A Brief Timeline Of American Aviation
1903: Orville and Wilbur Wright make first powered, controlled flight in a flying machine. The Wright brothers’ achievement would change the development of aviation and kick start the 20th century. From this moment forward aviation turns a corner, and things begin to move forward in ways that many had not thought possible.
1911: Aircrafts are being used for warfare internationally. Aviators were styled as modern-day knights, doing individual combat with their enemies. Several pilots became famous for their air-to-air combat; showing their flying prowess as a real asset in war.
1932: Amelia Earhart becomes the first woman to fly solo across the Atlantic. All we’ve got to say about this is: get it, girl. She showed the world what women are capable of; challenging the mindset of a male lead field and expectations of what women of that time could do.
1933: The first modern plane, the Boeing 247, takes flight for the first time. At the time it was the fastest transport around, with a top speed of over 200 miles per hour. The twin-engine ten passenger plane ushered in a new era of air travel.
1942: World War II introduces another element of aircraft use. the world’s first operational jet aircraft, Not only airplanes, but also helicopters saw rapid development in the Second World War
1958: NASA is established. The goal of reaching the moon is established by President John F. Kennedy a few years later.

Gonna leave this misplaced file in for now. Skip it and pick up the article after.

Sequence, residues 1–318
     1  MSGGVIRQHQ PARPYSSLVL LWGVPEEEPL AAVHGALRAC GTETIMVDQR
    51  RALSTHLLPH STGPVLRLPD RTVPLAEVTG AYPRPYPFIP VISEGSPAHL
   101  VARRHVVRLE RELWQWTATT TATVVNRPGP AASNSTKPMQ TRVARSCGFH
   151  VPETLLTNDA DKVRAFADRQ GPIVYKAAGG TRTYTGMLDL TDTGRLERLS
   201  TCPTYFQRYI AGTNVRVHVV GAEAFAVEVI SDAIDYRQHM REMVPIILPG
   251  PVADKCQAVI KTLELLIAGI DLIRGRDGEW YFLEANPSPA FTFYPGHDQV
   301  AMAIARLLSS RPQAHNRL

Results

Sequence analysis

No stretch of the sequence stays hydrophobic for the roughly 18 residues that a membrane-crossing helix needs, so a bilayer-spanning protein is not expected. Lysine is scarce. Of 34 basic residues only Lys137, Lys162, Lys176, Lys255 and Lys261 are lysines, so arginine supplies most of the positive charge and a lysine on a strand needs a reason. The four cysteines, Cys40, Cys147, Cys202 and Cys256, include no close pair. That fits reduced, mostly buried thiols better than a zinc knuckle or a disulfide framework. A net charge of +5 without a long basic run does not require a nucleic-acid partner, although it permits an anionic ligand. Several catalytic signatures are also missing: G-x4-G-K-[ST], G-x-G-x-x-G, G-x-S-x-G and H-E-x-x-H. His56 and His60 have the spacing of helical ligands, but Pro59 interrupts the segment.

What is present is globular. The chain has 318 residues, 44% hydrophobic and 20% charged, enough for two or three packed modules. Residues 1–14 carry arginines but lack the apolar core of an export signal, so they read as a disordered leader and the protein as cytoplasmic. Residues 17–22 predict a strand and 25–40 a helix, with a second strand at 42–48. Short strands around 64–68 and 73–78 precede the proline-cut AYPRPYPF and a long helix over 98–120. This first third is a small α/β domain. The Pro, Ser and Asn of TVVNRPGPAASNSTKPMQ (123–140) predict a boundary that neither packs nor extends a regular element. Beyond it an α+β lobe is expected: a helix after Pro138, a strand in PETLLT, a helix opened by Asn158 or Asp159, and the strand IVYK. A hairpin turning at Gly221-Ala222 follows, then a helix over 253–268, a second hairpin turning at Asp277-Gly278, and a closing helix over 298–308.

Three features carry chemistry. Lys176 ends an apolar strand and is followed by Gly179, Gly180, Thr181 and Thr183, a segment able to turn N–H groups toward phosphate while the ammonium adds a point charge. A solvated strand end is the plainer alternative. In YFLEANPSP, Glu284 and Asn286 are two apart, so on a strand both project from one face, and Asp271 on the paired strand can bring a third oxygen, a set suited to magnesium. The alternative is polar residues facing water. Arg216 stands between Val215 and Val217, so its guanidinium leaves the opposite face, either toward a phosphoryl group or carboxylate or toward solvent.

1961: Sky is no longer the limit. The United States responded by launching Alan Shepard into space on a suborbital flight in a Mercury space capsule. He had a lot of competition, and realized that he needed to step up his game to bring forward bigger success in his challenge to take on aerospace. In that realization he stopped drinking, smoking, took up jogging and more… looks like it paid off!
1979: The Gossamer Albatross (The Gossamer Albatross is a human-powered aircraft built by American aeronautical engineer Dr. Paul B. MacCready’s company AeroVironment) became the first human powered aircraft to cross the English channel. This achievement finally saw the realization of centuries of dreams of human flight.
1986: Dick Rutan and Jeana Yeager flew an aircraft, the Rutan Voyager, around the world without re-fueling and without landing. The aircraft was first imagined by Jeana Yeager, Dick Rutan, and Dick’s brother Burt Rutan as they were at lunch in 1981. The initial idea was first sketched out on the back of a napkin.
Aviation has come a long way in many different applications, from war games to passenger luxury. America has been on the edge of aviation development since the beginning, bringing forward changes and ideas that have pushed planes to fly to the heights they do today.